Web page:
How Will Perdue Vetoes Play Out?
Plenty of political risk exists whenever Gov. Beverly Perdue pulls out her veto stamp and plunks it down on a piece of legislation.
So perhaps legislative Republicans wanted to put the public spotlight on Perdue when they recently held votes to override the two vetoes she has made this legislative session.
One of the vetoes came on a budget-related bill designed to help save several hundred million dollars this year so that it could be applied to next year. The Democratic governor didn’t like the bill because it took money from business incentive funds that she says is critical for job creation.
The other veto came on a Republican-led effort to join the court challenge by other states of the federal health care reform law.
Legislative Republicans, of course, believe they are on the right side of both issues.
They have good arguments on the budget-related bill, as their savings proposal should have left the business recruiting funds with enough money to come up with any state-supplied incentives needed to land new businesses. If that wasn’t the case, Perdue could have always asked for immediate help from the legislature, as she and other governors have done in the past.
Even so, the issues aren’t likely to play much in Peoria, or Pikeville, or Pleasant Garden. If significant savings are generated from the current budget, most voters aren’t really going to care much about the source.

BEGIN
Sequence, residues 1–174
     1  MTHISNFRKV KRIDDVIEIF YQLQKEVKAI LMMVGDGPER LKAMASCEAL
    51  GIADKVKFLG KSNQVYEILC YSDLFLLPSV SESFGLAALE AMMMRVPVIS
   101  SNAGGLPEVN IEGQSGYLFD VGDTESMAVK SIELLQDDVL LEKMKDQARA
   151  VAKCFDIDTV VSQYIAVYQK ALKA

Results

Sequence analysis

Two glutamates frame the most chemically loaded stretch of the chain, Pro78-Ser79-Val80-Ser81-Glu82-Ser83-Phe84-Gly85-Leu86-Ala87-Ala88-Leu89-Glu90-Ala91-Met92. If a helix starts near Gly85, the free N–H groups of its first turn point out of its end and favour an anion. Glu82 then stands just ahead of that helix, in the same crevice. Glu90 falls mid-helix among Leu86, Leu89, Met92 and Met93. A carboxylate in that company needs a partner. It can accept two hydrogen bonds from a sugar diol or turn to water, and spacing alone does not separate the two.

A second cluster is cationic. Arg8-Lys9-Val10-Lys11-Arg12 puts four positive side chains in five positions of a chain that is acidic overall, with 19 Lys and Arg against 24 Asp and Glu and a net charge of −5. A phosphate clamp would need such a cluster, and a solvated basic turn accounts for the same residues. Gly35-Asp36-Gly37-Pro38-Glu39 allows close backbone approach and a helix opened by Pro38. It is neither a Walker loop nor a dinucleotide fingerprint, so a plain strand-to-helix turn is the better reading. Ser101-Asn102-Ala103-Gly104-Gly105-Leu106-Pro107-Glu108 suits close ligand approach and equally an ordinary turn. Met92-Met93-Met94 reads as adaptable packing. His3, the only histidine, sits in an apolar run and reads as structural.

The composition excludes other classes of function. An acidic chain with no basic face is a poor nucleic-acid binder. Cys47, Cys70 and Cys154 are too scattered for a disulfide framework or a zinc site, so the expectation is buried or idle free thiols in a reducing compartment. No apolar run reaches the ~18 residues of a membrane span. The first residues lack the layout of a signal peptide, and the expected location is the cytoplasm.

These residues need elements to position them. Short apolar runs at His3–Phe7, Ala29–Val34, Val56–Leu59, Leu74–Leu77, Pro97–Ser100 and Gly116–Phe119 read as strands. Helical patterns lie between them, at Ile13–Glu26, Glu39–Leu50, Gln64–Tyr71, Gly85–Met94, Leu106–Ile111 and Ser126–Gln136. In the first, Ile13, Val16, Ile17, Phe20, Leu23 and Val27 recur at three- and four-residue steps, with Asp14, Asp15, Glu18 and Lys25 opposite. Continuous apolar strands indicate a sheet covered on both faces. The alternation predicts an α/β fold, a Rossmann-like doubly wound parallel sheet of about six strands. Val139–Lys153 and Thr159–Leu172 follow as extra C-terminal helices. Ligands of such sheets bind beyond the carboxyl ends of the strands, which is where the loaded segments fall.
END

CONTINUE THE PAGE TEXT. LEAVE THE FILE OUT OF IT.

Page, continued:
Although the state has some cash flow problems right now, those same folks aren’t going to care much as long as they get their tax refunds and the state’s bills get paid.
National health care reform has captured the public’s attention. Perdue’s veto of legislation that attempts to block portions of the law in North Carolina may lose her political support in some corners.
Still, opposition to the federal law is hardly the slam dunk that Republicans would like to believe. A good chunk of the population isn’t happy with the current health care system.
Some people have dealt with insurance companies that fight over the payment of benefits, or deny coverage based on pre-existing conditions. Some have faced the prospect of illness wiping out their retirement savings.
Regardless of the political outcome for Perdue, the politics of veto aren’t exactly the same as those of trying to override a veto.
By scheduling votes that they knew would never succeed, Republican legislative leaders may have hoped to draw more attention to Perdue’s veto. They may have wanted to placate core constituents. Instead, they may have proven that a Democratic legislative minority and a Democratic governor wield more power than a Republican legislative majority.
One of the more significant developments of the override vote in the House was that Republicans lost the two Democrats — Reps. Jim Crawford and Bill Brisson — who initially voted with them to block the health care reform law.
The result may have both emboldened and unified legislative Democrats.
Scott Mooneyham writes for Capitol Press Association in Raleigh. Contact him at email@example.com.
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